Two years ago Terrence Higgins Trust partnered with the British Association for Sexual Health and HIV (BASHH) to release the State of the Nation report. It provided a snapshot of our sexual health in England and focused on where unacceptable barriers and challenges still exist - including around inequality. The ability to access sexual health information and services is a key requirement for individuals and society to maintain wellbeing. For many years there has been a lack of ambition to proactively improve the sexual health of the population at a national level. To address this, a key recommendation in the report was the need for an inclusive national sexual and reproductive health strategy for England. This strategy was committed to by the UK Government in October 2019, but well over two years later we have seen little progress towards its publication.
The COVID-19 pandemic has of course had an impact. However, the pandemic also shone a light on the inequalities that are also at the heart of vulnerability to poor sexual health across the country. The full impact of the pandemic on wider public health is yet to be fully understood. But we do know that if the sexual health of the nation is to improve we need a fully funded and inclusive sexual and reproductive health strategy now more than ever.
Before the pandemic, the rates of many sexually transmitted infections (STIs) were soaring. Gonorrhoea was at its highest level since the end of the First World War and syphilis had increased threefold in less than 10 years.
With COVID-19 impacting access to testing and reducing sexual contact, decreases in STIs were seen in 2020. Although the UK Health Security Agency are clear that STIs are still circulating at a high rate, there is a real opportunity to take advantage of the disruption COVID-19 caused and step up action to keep STIs in check.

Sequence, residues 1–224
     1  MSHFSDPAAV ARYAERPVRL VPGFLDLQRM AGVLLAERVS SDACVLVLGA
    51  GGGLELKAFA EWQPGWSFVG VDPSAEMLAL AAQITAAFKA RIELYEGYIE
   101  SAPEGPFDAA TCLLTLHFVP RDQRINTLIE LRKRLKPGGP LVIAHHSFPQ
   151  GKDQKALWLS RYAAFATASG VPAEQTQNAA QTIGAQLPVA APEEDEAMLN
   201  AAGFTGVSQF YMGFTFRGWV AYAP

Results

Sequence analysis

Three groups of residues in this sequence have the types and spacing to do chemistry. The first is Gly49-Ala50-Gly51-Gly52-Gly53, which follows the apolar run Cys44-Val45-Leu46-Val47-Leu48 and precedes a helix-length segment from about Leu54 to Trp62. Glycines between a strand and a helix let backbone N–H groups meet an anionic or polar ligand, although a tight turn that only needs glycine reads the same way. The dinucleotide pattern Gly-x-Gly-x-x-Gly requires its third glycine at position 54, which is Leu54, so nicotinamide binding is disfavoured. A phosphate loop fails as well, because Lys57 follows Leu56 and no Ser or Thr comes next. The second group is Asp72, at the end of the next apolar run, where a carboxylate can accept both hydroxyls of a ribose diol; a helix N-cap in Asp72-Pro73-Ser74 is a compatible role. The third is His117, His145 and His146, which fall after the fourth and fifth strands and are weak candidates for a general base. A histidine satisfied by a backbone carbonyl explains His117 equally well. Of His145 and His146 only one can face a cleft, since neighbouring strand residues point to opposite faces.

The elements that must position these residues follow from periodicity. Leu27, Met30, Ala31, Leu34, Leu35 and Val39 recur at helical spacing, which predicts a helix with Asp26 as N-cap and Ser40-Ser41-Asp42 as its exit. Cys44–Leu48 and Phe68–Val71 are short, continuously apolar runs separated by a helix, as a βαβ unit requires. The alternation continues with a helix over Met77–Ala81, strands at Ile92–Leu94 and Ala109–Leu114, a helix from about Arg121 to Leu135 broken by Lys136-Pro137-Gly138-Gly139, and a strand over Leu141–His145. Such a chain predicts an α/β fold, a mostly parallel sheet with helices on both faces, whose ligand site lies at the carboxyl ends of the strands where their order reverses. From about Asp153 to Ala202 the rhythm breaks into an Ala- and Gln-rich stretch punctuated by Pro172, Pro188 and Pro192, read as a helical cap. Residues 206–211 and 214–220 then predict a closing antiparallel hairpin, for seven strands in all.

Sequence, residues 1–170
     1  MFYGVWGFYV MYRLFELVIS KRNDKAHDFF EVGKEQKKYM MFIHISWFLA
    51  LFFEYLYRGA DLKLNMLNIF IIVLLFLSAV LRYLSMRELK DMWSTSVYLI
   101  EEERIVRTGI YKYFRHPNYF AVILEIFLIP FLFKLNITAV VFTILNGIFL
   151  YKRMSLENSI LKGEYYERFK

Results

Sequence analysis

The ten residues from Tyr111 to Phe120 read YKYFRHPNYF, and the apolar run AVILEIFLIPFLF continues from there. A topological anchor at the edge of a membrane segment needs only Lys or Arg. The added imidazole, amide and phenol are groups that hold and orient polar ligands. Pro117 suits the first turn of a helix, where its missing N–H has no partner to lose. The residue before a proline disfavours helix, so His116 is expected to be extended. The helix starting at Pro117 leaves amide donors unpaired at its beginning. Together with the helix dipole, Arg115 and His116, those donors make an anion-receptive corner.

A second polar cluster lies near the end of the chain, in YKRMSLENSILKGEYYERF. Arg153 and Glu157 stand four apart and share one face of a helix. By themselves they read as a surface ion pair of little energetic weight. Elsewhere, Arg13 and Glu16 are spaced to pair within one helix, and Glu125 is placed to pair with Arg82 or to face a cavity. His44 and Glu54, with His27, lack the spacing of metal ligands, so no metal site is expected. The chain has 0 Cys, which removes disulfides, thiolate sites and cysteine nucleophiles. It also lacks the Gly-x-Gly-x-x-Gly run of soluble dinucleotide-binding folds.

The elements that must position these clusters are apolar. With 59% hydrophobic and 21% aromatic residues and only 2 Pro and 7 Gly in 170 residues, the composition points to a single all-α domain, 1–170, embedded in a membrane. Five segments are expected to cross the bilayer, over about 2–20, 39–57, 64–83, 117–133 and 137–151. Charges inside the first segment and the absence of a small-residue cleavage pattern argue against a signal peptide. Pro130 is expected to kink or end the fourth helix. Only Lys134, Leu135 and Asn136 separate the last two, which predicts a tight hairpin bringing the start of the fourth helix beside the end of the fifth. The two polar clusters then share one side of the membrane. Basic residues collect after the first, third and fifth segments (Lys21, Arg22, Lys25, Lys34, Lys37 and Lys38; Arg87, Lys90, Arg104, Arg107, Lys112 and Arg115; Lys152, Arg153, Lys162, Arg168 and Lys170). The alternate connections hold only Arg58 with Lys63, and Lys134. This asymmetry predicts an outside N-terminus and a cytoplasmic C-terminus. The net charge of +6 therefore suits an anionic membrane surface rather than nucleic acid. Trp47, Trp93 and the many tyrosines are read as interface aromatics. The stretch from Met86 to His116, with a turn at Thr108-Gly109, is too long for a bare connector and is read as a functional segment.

For this to happen the strategy must address key areas. For instance, the priority for tackling chlamydia, by far the most common STI, has been downgraded by Government. The National Chlamydia Screening Programme will now only test young women, with the aim of the programme no longer to prevent infections but rather to prevent the worst outcomes in women such as pelvic inflammatory disease and infertility.
This lack of ambition around sexual health comes at a time when there should be no room for complacency. New STIs such as MGen are emerging and antibiotic resistance is ever on the rise. Already this year we have seen transmission within London of a strain of gonorrhoea resistant to the antibiotic ceftriaxone (the last remaining treatment for gonorrhoea), as well as an outbreak of extensively drug-resistant sexually transmitted shigella.
COVID-19 has disrupted sexual health services with access severely curtailed. BASHH are clear that more action is needed to support sexual health services to meet the high levels of demand that they still face, as well as the need for a clear plan for the sexual health workforce – both now and in the future. And, as always, there is the question of investment. With no real increase in funding for local government public health budgets (that pay for sexual health services) announced in last year’s spending review, where will the funding come from for the much-needed injection of cash into the sexual health system?
A national sexual and reproductive health strategy must have equality at its heart. The impact of STIs is not uniform, with young people, gay and bisexual men and certain racially minoritised groups being disproportionally affected. STIs are highly stigmatised and being vulnerable to poor sexual health can have a lasting impact on both your physical and mental wellbeing.
The publication of the sexual and reproductive health strategy is keenly awaited and must be released as a matter of urgency. However, without the meaningful engagement of civil society and community organisations as part of its development, there is a danger that the strategy will fall short in meeting the needs of those who need it most. As it did with the recent national HIV Action Plan, we are calling on the Government to fully engage with sexual and reproductive health community organisations to help shape a world-leading and fully inclusive sexual and reproductive health strategy that works for all in society.